Lowrie, 32 in April, signed a three-year, $23MM contract with the Astros last offseason. He’s been with Oakland or Houston each season dating back to 2012, although the circumstances are certainly unique. The Astros acquired Lowrie in a trade with the Red Sox prior to the 2012 season, and Houston sent him to Oakland that winter in exchange for Chris Carter, Brad Peacock and Max Stassi. After a nice two years in Oakland, Lowrie signed the three-year deal with Houston last winter, but the emergence of Carlos Correa made him a bit superfluous for the Astros, thus leading to today’s trade.
Lowrie is owed $15MM over the next two seasons, including a $7.5MM salary in 2016 and a $6.5MM salary in 2017. His contract comes with a $6MM team option for the 2018 season that includes a $1MM buyout.
In 2015, Lowrie batted .222/.312/.400 with nine home runs, playing mostly third base but also logging some time at shortstop as well. Lowrie got off to a blistering start in 2015, hitting .300/.432/.567 through April 27 before suffering a torn ligament in his right thumb that required surgery. That injury kept Lowrie out of action through July 30, and while it wasn’t reasonable to expect him to maintain his April production, the injury likely sapped his production over the final two months. Lowrie hit just .194/.265/.341 after being activated, and the immediate impact made by Correa cost him his role as the team’s everyday shortstop, hence the shift to third base. With an offseason of rest under his belt, better 2016 production could be expected from Lowrie, who can help the A’s at any of the four infield positions.
The capacity in which Lowrie will be deployed by the A’s is unclear. Marcus Semien was the team’s primary shortstop in 2015, but his 35 errors were the most in the Major Leagues by a player at any position. Danny Valencia hit well enough in 2015 (.284/.356/.530) that Oakland seems likely to want to get him regular at-bats. Third base is probably the best spot for Valencia, but the A’s also have Brett Lawrie as an option at the hot corner. Lawrie, of course, has plenty of experience at second base (thus raising the possibility of a Lawrie/Lowrie double-play tandem), but some feel that Semien may ultimately end up playing second base. Lowrie could serve as a left-handed complement to Mark Canha at first base as well, considering that Susan Slusser of the San Francisco Chronicle recently tweeted that Ike Davis is likely to be non-tendered by Oakland.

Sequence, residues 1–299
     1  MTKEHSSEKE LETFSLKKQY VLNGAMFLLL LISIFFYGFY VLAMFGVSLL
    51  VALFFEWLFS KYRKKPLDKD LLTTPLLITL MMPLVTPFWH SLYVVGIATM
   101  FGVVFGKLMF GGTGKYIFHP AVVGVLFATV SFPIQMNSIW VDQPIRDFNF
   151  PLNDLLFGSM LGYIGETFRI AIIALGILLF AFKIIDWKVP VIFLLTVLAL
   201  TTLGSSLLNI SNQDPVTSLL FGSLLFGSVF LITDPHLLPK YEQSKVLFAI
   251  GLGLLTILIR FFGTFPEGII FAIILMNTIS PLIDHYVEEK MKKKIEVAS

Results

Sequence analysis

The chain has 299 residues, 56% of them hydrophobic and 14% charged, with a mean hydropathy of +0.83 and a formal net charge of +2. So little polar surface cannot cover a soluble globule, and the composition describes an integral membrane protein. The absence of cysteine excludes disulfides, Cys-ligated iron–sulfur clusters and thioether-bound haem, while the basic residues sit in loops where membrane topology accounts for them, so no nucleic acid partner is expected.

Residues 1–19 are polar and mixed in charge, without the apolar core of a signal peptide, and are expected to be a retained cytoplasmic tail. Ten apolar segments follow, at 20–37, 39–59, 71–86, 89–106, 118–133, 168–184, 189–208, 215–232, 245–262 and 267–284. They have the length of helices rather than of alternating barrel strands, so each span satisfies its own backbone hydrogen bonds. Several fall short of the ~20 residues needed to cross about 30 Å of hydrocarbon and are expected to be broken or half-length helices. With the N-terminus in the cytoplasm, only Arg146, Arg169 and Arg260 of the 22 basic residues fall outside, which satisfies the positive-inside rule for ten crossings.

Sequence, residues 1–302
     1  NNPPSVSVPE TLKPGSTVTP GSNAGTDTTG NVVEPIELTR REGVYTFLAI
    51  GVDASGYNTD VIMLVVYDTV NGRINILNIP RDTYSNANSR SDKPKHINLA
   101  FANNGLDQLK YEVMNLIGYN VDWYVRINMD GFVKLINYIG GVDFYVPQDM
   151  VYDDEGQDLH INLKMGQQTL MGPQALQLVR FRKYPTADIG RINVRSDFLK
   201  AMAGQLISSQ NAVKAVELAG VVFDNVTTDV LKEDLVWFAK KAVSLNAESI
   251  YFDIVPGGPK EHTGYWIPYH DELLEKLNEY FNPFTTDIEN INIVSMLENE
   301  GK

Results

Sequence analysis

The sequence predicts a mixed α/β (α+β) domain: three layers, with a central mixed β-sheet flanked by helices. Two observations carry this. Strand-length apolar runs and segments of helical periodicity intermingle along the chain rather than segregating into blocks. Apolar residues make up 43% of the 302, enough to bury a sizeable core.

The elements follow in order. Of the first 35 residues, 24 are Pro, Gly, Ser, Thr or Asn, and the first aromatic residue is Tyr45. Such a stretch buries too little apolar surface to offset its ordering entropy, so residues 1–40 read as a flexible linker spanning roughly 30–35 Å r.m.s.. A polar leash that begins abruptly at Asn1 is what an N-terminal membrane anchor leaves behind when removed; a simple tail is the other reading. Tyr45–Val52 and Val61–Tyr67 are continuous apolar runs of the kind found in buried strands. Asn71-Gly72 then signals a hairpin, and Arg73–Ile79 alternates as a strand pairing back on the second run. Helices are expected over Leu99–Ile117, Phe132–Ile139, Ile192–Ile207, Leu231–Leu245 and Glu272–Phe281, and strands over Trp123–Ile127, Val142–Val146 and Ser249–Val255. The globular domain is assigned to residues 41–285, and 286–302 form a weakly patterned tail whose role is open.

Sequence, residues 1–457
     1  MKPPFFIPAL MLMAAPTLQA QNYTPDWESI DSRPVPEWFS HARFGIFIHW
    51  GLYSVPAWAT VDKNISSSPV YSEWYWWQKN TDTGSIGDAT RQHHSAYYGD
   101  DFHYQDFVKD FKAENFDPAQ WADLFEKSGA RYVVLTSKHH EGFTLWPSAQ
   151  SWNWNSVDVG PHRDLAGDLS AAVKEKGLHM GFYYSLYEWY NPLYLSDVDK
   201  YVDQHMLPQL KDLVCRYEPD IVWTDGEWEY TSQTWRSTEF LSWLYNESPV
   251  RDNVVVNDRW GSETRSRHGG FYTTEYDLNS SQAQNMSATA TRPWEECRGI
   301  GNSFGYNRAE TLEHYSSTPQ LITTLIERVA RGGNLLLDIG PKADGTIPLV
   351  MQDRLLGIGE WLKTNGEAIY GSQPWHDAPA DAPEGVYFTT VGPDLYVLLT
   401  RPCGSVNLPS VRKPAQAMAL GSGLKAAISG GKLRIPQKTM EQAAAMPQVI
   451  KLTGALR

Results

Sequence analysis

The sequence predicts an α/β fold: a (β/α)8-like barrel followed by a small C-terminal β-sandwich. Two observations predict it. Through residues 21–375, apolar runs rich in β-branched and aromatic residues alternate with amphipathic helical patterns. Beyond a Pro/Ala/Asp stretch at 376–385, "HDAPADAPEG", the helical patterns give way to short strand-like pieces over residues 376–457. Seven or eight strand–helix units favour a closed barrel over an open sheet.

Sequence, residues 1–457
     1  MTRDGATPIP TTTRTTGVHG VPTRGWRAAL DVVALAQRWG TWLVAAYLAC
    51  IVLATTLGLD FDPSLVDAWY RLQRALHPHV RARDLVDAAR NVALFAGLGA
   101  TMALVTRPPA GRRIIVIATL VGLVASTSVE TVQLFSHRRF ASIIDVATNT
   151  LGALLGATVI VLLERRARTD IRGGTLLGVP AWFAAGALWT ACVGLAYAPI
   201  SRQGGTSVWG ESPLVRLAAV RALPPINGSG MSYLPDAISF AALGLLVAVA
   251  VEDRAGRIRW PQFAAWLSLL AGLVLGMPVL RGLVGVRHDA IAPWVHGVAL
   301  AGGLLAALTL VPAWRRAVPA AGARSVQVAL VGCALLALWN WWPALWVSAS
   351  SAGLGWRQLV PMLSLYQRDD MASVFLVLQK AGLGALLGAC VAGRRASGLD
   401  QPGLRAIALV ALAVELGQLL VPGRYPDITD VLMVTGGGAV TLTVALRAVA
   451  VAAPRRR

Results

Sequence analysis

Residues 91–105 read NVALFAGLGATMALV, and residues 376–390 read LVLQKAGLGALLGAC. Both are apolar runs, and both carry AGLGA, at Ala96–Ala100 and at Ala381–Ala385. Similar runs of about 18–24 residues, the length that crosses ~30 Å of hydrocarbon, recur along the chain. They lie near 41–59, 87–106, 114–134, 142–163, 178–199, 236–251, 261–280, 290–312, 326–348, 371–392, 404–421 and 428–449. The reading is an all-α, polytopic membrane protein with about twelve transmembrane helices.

McCurry, 23, was Oakland’s 22nd-round pick in the 2014 draft and rode a strong showing in 2015 to the No. 30 rank on MLB.com’s list of top Athletics prospects. The Oklahoma State product split the year between Class-A Advanced and Double-A, compiling a 1.86 ERA with 11.7 K/9 against 2.4 BB/9. In total, McCurry has a 1.37 ERA in 91 2/3 innings as a pro (all coming out of the bullpen), although it should be noted that he hasn’t been moved through the system all that aggressively and has been more experienced than much of the competition that he’s faced. MLB.com notes that McCurry can spot a fastball that tops out at 93 mph on either side of the plate. His best pitch is a curveball, and while his upside is probably only that of a middle reliever, he has a high probability of realizing that potential due to his control and ability to succeed regardless of opponent handedness.
MLB.com’s Jane Lee was the first to report that Lowrie was headed back to the A’s (Twitter link).
Photo courtesy of USA Today Sports Images.